Corrections

Corrections to our publications

Human Rights Watch strives to maintain the highest level of accuracy in our reporting. We cannot reply individually to all corrections requests, but all such requests that specify the exact nature of the alleged inaccuracy and the publication (title, page number / web address and date) in which it appeared will be reviewed. If you believe you have found an inaccuracy in our materials, please contact us.

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Recent Corrections

  • UN: Push North Korea to End Child Sexual Abuse

    The previous subhead of this news release incorrectly stated the government of the Democratic People’s Republic of Korea denies the existence of domestic violence. The news release was updated to reflect that the government denies child rape and sexual abuse.

  • Singapore: End Harassment of Peaceful Activists

    A previous version of this news release stated that the 2017 vigil outside Changi prison was to protest the country's death penalty. The vigil was actually to support the family of S. Prabagara; the news release has been updated to reflect this correction. 

  • Defending Spain’s Defense Lawyers

    An earlier version of this dispatch mistakenly referred to both lawyers as belonging to the CUP. The Dispatch has been changed to reflect this.

  • Indonesia Again Silences 1965 Massacre Victims

    An earlier version of this Dispatch misstated the title of one of the documentary films that since 2012 have increased public discussion of the killings. That Dispatch has been adjusted to reflect this.

  • Philippine Police Kill Another City Mayor

    An earlier version of this Dispatch inaccurately stated that two of Mayor Reynaldo Parojinog’s brothers were killed in the police raid. The Dispatch has been changed to reflect this.

  • Clarification

    In this report Human Rights Watch identifies half-a-billion dollars in World Bank financial support for agriculture projects linked to forced and child labor in Uzbekistan. In a social media video summarizing our findings, we used language that may have suggested the funds went exclusively to the cotton sector, where these abuses are concentrated. We have updated language in the video to clarify that the loans involve agriculture projects as stated in the report, news release, and other video materials. These projects directly or indirectly benefit the cotton sector.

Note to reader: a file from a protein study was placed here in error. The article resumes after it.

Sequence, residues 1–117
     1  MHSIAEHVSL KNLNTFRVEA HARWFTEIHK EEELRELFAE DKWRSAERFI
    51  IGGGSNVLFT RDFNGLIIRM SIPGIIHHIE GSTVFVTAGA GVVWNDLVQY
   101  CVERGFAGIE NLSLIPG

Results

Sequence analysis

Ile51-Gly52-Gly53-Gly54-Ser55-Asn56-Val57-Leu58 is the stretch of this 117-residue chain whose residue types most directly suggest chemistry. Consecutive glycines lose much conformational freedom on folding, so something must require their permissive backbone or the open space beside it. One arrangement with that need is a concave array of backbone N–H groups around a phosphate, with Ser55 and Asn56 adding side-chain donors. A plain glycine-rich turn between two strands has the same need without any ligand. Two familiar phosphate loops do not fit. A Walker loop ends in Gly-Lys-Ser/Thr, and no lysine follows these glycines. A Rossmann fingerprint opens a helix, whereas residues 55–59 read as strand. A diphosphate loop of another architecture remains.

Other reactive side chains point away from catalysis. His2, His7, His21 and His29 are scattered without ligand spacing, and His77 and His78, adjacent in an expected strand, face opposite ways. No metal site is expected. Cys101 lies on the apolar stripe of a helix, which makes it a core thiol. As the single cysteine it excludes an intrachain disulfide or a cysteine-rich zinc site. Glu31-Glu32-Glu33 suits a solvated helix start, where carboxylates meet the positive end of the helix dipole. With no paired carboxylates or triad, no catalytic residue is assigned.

• Egypt: Intensifying Repression of Basic Freedoms

    An earlier version of this news release mistakenly wrote that Egypt had ratified the International Covenant on Civil and Political Rights (ICCPR) in 1986 and has now been corrected to 1982.  

  • Clarification on Afghan Teenager, Deported from Sweden Story

    HRW has removed the dispatch entitled “Afghan Teenager, Deported from Sweden, Killed in Kabul” because there is now conflicting information as to whether this deportee was killed. HRW's concerns about violence in Kabul and the safety of deportation to Afghanistan remain.

  • Media Blocked, Threatened in Dispute with Qatar

    6/14: An earlier version of this news release said that “on May 25, Egypt blocked the websites of 62 media outlets it accused of being favorable toward the Muslim Brotherhood, including Al Jazeera and at least four other Qatari government-linked outlets.” We have corrected this to read as “on May 24, Egypt blocked the websites of 21 media outlets it accused of being favorable toward the Muslim Brotherhood, including Al Jazeera and at least four other Qatari government-linked outlets. The Association for Freedom of Thought and Expression, an independent Egyptian rights group, said the block had grown to 62 sites as of June 12.”

    6/15: An earlier version of this news release incorrectly stated that Saudi Arabia was among that countries that had publicly declared a ban on online criticism of the country’s policy toward Qatar or of expressing sympathy to Qatar. In fact, Saudi authorities have not publicly announced such a ban. The earlier version stated “on June 7 and 8, Bahrain, Saudi Arabia, and the United Arab Emirates announced that any speech critical of their governments’ measures against Qatar or sympathetic to Qatar would be prosecuted as crimes.” We have corrected it to read as “on June 7 and 8, the United Arab Emirates and Bahrain announced that any speech critical of their governments’ measures against Qatar or sympathetic to Qatar would be prosecuted as crimes.” Likewise, an earlier version contained the sentence “On the same day a state-controlled Saudi Arabian media outlet stated that such expression could be considered a cybercrime offense in the kingdom.” This sentence has been removed.  

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